A 7-year-old boy complains of worsening left knee pain over the last 2 weeks. He has been unable to bear weight through the left lower extremity for the past 24 hours. The knee and lower leg are warm and tender to palpation. Current temperature is 100.9 degrees Fahrenheit, and CRP is 11 mg/dL (nml <1). A radiograph is provided in Figure A. A joint aspiration yields 2 mL's of synovial fluid demonstrating a cell count of 2,500 and no organisms on gram stain. Which of the following is the most appropriate next step in management?
Repeat aspiration of the left knee
Observation with repeat radiographs in one week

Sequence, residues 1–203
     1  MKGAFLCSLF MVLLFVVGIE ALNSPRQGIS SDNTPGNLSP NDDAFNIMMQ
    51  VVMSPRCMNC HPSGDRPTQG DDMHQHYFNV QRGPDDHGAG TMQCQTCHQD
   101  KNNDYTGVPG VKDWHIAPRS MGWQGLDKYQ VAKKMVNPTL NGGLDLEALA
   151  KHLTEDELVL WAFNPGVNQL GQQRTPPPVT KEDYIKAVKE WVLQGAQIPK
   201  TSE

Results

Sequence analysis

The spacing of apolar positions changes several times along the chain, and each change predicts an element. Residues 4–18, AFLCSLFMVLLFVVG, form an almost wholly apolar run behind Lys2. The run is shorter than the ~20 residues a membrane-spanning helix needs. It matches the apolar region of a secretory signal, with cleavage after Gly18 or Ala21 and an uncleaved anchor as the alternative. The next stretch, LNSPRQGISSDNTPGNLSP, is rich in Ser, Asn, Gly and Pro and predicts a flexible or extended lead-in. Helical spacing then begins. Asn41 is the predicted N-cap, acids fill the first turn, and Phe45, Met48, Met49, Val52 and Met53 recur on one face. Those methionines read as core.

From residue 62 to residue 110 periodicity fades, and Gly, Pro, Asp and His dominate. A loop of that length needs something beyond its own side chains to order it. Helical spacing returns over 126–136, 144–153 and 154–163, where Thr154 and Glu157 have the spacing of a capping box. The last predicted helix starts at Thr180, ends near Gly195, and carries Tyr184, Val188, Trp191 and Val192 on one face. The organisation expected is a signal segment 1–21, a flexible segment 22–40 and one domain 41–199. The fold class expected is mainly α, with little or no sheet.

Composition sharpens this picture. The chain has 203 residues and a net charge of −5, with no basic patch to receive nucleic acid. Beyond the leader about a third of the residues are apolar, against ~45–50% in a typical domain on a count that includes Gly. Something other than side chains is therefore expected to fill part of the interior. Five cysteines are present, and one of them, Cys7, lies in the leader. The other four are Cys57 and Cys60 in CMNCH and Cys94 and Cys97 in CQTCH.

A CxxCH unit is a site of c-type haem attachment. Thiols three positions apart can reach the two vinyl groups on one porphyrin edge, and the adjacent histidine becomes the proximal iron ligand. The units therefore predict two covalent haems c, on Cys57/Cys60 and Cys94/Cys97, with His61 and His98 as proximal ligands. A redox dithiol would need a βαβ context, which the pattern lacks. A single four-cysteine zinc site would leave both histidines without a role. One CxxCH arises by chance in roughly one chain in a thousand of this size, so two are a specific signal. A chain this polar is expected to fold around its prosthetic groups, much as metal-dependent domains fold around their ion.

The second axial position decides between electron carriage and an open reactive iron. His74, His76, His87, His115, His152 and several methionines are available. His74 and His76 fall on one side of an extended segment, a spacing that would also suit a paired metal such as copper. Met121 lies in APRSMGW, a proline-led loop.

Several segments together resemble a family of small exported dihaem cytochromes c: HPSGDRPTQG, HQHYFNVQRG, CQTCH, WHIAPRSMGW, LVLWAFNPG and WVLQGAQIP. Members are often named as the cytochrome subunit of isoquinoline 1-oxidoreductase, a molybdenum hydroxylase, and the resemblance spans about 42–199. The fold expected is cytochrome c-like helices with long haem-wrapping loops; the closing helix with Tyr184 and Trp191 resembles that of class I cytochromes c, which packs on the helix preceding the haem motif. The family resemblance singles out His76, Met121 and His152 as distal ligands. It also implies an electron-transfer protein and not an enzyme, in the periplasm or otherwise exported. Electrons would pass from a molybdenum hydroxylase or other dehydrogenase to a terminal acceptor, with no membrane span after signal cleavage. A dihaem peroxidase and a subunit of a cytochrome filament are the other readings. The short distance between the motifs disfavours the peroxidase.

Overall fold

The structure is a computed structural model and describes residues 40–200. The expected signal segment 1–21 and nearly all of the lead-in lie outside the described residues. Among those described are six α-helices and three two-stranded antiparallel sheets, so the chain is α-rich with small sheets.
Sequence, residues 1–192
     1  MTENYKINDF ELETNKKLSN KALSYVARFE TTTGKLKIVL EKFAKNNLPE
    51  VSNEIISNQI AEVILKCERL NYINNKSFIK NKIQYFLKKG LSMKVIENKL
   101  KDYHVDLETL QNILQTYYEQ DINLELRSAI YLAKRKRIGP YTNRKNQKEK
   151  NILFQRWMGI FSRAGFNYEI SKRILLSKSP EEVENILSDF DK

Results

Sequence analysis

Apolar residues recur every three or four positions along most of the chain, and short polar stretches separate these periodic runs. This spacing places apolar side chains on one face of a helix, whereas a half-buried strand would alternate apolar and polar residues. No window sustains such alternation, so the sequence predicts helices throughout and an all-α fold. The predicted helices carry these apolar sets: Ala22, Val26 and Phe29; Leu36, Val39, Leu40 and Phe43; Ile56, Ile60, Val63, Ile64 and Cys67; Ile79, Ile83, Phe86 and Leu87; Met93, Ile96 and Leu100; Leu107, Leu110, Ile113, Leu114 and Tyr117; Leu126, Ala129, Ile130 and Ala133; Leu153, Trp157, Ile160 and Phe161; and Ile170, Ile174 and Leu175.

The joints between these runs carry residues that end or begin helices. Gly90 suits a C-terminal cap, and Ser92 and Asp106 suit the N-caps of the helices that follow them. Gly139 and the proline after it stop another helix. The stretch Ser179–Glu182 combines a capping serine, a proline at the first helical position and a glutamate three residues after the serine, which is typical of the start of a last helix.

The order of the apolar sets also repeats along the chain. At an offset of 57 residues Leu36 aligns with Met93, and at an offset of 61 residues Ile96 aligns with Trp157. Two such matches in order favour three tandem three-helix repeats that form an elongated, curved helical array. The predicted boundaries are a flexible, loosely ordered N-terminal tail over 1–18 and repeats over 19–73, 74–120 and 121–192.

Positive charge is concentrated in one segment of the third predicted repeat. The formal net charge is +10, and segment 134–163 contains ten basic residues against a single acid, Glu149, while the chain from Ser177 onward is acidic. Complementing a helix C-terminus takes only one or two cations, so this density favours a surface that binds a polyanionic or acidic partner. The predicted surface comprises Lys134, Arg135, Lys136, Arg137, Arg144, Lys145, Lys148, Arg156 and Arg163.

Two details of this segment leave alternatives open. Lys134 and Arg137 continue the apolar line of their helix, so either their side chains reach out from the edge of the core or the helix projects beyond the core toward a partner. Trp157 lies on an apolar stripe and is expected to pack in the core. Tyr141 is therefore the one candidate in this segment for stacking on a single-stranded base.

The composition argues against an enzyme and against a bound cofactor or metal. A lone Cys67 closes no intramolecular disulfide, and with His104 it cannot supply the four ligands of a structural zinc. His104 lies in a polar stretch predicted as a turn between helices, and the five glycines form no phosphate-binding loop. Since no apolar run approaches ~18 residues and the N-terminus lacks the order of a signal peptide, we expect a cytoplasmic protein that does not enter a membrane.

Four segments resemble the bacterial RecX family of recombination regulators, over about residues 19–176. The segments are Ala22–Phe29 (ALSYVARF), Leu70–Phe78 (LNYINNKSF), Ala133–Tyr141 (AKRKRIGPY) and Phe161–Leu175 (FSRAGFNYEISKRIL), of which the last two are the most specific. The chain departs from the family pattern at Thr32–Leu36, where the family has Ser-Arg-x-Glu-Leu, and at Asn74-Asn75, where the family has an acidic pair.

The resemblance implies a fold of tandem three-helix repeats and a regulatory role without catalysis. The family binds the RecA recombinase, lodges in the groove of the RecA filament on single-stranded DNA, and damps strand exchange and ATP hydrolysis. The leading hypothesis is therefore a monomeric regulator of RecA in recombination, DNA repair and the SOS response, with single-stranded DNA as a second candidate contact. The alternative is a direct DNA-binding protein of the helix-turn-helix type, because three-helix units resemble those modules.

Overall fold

Magnetic resonance imaging (MRI)
Begin intravenous broad-spectrum antibiotics and obtain an infectiouse disease consult
Exploratory surgical arthrotomy
A 7-year-old boy presents with right elbow and left wrist swelling for the past 3 months. Clinical photos of the elbow and wrist are shown in Figures A and B, and radiographs in Figures C and D. His parents report that he has had night sweats and a loss of appetite, and physical examination is notable for bilateral axillary lymphadenopathy. Leukocyte count is normal but the ESR is elevated. The child undergoes a diagnostic biopsy shown in Figure E. What is the most likely diagnosis?
Multicentric giant cell tumor
Polyostotic mycobacterial infection